Have you ever wondered how scientists use data to understand past, present, and future climate change? They couldn’t do it without math. Data about our climate is collected from sources such as satellites, weather stations, buoys, weather balloons, ships, radars, tree rings, and ice cores. These data are then used to calculate climate-related information such as average ocean and air temperatures, rates of sea level rise, and greenhouse gas emission levels. For example, scientists study satellite sea surface height data to calculate sea surface temperatures. Higher sea heights indicate warmer temperatures because warmer water expands to fill more volume.
This information is then put into statistical equations to understand how the climate changed in the past and predict how it will change in the future. A few examples of trends that are modeled through these equations include arctic sea ice cover, carbon uptake from soil and water, and weather extremes associated with the hydrological cycle, such as droughts and hurricanes.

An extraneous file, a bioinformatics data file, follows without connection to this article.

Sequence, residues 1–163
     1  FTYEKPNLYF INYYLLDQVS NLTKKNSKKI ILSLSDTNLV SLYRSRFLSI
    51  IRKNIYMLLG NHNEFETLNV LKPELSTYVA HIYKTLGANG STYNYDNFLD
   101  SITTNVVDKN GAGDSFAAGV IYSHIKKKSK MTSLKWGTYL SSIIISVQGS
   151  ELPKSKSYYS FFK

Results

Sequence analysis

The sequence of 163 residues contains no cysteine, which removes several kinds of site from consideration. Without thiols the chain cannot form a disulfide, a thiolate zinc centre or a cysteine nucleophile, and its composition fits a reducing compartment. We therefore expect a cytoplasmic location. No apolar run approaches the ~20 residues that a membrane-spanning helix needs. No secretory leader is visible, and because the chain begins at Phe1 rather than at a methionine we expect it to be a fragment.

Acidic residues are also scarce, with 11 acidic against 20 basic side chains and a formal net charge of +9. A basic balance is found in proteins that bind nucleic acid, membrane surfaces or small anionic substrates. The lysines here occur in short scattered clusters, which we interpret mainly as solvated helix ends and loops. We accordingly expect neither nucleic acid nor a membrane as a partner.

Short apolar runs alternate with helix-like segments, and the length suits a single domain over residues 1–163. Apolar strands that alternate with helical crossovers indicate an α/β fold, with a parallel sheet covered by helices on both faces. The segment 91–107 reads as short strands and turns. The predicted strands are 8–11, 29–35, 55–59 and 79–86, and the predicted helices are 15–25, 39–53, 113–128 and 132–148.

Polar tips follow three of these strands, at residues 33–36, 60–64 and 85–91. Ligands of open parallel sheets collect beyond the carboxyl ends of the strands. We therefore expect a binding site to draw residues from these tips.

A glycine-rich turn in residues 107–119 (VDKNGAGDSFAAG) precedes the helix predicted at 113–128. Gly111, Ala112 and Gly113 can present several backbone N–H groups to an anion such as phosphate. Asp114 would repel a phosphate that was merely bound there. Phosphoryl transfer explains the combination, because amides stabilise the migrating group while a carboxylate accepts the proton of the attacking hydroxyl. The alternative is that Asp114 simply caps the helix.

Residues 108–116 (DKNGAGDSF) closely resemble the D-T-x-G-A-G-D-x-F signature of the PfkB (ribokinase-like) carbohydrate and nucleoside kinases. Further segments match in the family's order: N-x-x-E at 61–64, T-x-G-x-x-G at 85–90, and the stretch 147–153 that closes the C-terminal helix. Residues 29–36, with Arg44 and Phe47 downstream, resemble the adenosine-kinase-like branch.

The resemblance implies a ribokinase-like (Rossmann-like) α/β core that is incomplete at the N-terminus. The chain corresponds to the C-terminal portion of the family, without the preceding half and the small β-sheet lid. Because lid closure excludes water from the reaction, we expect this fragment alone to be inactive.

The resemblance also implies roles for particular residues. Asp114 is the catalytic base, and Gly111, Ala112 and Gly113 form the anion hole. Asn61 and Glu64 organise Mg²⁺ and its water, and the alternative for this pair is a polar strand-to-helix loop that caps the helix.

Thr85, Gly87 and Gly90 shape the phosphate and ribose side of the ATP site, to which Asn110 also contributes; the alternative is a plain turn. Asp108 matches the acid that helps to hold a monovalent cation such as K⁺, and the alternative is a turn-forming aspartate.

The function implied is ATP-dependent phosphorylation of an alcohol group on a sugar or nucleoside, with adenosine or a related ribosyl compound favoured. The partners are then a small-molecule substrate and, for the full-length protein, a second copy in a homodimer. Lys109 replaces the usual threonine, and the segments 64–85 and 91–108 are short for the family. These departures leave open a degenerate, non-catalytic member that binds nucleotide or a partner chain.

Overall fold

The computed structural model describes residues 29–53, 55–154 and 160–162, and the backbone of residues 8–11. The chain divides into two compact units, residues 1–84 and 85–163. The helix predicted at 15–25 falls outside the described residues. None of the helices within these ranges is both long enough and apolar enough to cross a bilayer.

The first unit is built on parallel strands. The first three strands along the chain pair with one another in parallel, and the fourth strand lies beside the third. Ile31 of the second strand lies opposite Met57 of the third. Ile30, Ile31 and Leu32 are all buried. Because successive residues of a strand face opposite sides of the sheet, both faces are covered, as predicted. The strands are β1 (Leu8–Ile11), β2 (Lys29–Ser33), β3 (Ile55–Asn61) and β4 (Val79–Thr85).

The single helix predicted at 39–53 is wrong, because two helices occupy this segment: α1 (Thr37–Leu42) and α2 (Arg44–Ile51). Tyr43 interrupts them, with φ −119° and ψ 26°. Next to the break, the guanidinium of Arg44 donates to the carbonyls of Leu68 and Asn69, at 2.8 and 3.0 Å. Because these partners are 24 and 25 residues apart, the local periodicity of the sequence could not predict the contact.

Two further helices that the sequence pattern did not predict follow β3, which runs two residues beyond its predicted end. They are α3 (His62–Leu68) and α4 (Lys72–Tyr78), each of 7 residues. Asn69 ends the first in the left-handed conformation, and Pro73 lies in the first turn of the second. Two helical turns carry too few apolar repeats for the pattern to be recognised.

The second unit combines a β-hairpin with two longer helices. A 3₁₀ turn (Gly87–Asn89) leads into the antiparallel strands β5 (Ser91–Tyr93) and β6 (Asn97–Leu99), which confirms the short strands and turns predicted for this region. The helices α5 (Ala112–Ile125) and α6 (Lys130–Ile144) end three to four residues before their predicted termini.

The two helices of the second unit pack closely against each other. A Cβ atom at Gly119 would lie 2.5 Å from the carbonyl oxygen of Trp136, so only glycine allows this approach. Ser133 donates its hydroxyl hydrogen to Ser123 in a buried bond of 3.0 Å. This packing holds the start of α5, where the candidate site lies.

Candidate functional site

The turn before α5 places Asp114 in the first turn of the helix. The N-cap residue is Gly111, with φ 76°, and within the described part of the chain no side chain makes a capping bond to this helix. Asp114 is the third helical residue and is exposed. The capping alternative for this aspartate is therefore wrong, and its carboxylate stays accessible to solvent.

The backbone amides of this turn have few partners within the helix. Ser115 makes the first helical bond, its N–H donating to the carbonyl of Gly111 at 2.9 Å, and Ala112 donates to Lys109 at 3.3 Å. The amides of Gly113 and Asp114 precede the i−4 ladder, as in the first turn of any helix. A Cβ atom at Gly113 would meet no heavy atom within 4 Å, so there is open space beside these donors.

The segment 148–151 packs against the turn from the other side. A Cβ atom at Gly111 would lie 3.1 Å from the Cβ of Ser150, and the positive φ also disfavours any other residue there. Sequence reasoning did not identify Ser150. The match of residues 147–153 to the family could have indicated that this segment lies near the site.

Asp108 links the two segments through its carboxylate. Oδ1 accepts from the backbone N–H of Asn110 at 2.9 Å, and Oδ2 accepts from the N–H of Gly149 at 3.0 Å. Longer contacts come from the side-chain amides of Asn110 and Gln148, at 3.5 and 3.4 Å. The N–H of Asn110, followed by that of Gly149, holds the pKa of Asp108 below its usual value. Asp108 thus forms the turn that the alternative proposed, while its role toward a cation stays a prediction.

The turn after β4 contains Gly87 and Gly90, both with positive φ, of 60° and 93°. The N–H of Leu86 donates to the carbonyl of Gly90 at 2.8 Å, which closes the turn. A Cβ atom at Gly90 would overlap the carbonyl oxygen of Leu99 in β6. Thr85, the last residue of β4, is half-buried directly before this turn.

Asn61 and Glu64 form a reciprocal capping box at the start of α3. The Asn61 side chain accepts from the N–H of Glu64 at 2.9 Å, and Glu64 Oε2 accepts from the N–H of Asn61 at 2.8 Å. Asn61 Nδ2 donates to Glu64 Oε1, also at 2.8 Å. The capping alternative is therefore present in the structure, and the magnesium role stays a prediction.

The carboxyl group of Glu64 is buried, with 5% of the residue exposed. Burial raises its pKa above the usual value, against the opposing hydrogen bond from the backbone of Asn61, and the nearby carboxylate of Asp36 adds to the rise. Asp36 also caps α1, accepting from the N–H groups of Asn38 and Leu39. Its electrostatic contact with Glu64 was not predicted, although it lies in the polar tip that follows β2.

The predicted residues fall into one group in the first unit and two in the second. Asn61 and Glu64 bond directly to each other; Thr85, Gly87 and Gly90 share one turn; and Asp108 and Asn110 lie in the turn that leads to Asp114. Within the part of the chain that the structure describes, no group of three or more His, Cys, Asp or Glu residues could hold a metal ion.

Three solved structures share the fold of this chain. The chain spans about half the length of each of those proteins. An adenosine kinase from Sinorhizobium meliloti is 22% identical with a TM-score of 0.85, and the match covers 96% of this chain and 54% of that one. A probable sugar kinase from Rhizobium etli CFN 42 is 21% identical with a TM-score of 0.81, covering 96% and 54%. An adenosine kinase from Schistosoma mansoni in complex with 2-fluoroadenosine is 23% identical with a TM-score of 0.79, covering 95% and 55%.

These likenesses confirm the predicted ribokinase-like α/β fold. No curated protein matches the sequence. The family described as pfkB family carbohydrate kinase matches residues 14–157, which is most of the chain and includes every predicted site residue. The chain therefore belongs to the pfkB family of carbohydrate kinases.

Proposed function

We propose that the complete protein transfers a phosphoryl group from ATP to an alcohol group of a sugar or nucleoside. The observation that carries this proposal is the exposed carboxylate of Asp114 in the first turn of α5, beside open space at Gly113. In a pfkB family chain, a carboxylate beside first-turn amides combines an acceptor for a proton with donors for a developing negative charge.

- Get involved with Math Awareness Month and explore how mathematics and statistics are the future of prediction, providing insights, and driving innovation.
- Explore the Rooted in Math infographic to learn more about how math is used to study the environment.
- Learn more about how scientists calculate the earth’s temperature in this video by NASA Goddard.
- American Mathematical Society. 2016. “Mathematical Moments: Predicting Climate” Accessed April 13. http://www.ams.org/samplings/mathmoments/mm76-climate-podcast#podcast
- NASA. 2015. "El Niño Conditions are Growing Stronger." Accessed April 13. http://earthobservatory.nasa.gov/IOTD/view.php?id=86341
- NOAA. 2016. “Geophysical Fluid Dynamics Laboratory: Climate Change.” Accessed April 13. http://www.gfdl.noaa.gov/climate-change
- NOAA. 2016. “Global Warming: Introduction.” Accessed April 13. https://www.ncdc.noaa.gov/monitoring-references/faq/global-warming.php